Conference Panel Surveys Landscape of Boomer Aging

Article excerpt

"The boomers have been a transformative generation since they began, just by their sheer numbers," commented demographer Leobardo Estrada, "Society has had to respond to them. And as they move into older-adult ages, I think we're going to see them transform the culture of aging."

Estrada, an associate professor of urban planning at the University of California, Los Angeles, spoke during a wideranging general session at the 2004 Joint Conference of the American Society on Aging and the National Council on the Aging in San Francisco in April. The plenary panel-which also included Anita Hill of Brandeis University, Waltham, Mass.; Phil Bronstein, executive editor of the San Francisco Chronicle; and Mona Lisa Yuchengco, founder and publisher of Filipinos Magazine-was titled "Redefining the Landscape of Aging." All of the panelists are members of AARP's 2011 Council, a group of prominent thinkers, writers and activists whom the association brought together to consider the aging of the boomer generation as it approaches 2011, the year when the first boomers turn 65.


Estrada, who has been an adviser on ethnic and racial groups for the U.S. Bureau of the Census, noted three transforming factors he believes the boomers will bring to bear on how American society deals with issues in aging. "Because they were involved in movements-this is the generation that questioned, that challenged-I expect that they are going to be more politically diverse than past generations." Hc predicted that elder boomers would break the mold of previous older cohorts by not becoming more conservative in their later years.

Furthermore, Estrada said, because so many boomers in the United States are people of color, "who will not have the advantages of the assets necessary to maintain retirement, I think they're going to teach us about collective solutions. They're going to teach us about how you can come together to survive in our older age."

In addition, he said, "I think that we'll see changes in the way we approach expectations of aging." Rather than continue to deny and avoid aging-epitomized by the industry developed around delaying aging-superannuated boomers will foster greater "acceptance of aging as a natural part of the cycle, which comes so naturally to people who are from other countries." For instance, he pointed to the respect for elders permeating Asian cultures and the way in which Latinos celebrate Dia de los Muertos each autumn to honor those who have come before them.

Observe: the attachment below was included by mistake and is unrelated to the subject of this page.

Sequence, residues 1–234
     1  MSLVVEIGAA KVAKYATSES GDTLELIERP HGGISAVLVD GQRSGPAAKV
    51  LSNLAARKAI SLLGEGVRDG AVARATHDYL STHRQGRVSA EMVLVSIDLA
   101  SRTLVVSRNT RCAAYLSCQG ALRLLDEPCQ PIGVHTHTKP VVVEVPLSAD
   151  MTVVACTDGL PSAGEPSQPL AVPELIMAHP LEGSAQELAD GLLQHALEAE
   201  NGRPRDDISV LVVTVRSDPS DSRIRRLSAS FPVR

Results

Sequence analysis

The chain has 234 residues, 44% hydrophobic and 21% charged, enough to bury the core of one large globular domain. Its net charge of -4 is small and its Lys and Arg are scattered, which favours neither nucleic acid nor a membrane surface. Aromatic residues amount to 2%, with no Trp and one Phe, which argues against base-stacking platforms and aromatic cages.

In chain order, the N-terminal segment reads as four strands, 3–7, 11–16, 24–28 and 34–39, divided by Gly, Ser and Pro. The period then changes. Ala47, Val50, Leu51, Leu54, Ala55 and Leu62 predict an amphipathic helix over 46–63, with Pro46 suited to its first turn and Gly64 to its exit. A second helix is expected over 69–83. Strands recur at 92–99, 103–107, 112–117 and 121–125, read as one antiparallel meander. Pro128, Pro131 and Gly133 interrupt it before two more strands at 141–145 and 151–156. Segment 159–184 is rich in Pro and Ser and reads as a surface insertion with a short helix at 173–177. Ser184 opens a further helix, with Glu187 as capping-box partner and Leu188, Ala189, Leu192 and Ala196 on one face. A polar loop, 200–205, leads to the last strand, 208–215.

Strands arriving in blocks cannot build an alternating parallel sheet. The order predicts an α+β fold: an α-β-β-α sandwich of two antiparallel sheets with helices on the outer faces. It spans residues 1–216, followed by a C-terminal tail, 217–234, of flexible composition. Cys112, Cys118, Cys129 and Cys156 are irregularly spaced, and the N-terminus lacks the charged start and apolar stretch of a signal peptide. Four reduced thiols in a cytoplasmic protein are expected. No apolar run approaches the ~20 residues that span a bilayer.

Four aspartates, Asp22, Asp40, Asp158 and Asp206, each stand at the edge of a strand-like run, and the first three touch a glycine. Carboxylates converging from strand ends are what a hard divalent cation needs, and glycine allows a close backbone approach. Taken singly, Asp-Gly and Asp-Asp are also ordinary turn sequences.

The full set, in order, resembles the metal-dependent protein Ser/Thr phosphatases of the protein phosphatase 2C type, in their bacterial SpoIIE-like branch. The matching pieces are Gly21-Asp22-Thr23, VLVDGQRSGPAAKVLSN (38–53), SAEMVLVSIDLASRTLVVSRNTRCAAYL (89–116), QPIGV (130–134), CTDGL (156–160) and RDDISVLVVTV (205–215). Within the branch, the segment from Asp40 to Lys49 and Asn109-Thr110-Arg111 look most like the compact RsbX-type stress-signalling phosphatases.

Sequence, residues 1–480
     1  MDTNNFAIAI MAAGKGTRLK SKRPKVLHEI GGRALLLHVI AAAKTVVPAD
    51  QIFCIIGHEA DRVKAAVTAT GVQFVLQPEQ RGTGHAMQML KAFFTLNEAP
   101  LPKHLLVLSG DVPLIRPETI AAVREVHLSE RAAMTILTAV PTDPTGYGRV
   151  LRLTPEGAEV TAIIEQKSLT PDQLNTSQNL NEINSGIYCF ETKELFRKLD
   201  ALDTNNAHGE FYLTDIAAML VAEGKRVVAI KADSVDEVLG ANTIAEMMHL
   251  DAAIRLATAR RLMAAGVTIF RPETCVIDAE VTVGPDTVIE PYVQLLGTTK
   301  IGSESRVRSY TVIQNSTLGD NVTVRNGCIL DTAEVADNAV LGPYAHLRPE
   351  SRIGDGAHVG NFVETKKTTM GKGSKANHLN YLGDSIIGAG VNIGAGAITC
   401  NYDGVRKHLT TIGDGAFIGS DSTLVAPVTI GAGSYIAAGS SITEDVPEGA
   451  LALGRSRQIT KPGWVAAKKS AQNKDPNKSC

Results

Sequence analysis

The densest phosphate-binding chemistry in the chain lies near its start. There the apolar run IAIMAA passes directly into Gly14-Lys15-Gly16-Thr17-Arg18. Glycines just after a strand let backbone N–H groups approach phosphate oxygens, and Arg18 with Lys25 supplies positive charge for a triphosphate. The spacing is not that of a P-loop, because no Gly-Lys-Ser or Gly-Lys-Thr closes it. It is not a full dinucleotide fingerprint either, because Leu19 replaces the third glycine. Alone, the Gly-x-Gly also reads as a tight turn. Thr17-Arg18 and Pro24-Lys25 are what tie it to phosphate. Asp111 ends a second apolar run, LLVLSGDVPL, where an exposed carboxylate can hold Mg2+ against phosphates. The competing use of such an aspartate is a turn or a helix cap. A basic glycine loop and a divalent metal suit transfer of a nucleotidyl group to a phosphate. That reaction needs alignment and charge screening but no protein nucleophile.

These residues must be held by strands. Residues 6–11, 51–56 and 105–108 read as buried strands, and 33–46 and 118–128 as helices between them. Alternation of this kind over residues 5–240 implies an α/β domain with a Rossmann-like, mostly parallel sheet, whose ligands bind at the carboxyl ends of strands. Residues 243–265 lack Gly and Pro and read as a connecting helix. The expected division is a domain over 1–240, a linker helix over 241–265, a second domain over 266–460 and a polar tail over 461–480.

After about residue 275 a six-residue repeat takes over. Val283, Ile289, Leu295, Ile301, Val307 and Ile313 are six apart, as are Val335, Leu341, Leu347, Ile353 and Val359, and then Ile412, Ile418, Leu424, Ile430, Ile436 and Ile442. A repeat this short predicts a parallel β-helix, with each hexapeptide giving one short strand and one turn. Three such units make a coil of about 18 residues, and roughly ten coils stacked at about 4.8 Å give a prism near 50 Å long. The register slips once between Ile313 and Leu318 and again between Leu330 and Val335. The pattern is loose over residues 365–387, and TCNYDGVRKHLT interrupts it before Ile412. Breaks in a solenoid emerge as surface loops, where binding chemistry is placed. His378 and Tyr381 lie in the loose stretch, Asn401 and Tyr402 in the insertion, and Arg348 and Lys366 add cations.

The panelists explored how these and related factors will play out in such key areas as social policy, retirement, the representation of older people in the media, housing and health.


"I've spent a lot of time thinking about how this generation will be defined," said Hill, the author of Speaking Truth to Power (New York City: Bantam-Doubleday, 1997). "What are not only the defining moments of the past but, as we proceed through life, how are we going to define ourselves and what will be the memory of this generation, what will be our legacy," she asked. One defining characteristic of the boomers is that "it was a generation of movements, she said, "not that everybody was involved in a movement, but it was clearly a generation that was very active, very much involved, whether it was the women's movement, the civil rights movement, the antiwar movement."

Since they were teenagers, Hill said, groups of boomers have worked for social change through the courts and civil protest, she said, but also they have worked "to raise the level of visibility for individuals who have been invisible before, and I think that's in large part what the movements have been about." Boomer movements have especially heightened the visibility of people of color, the interests of women and the tragedy of war. She anticipates that boomers like her will take on "a different kind of movement as we get older and raise the issues of age and age awareness. …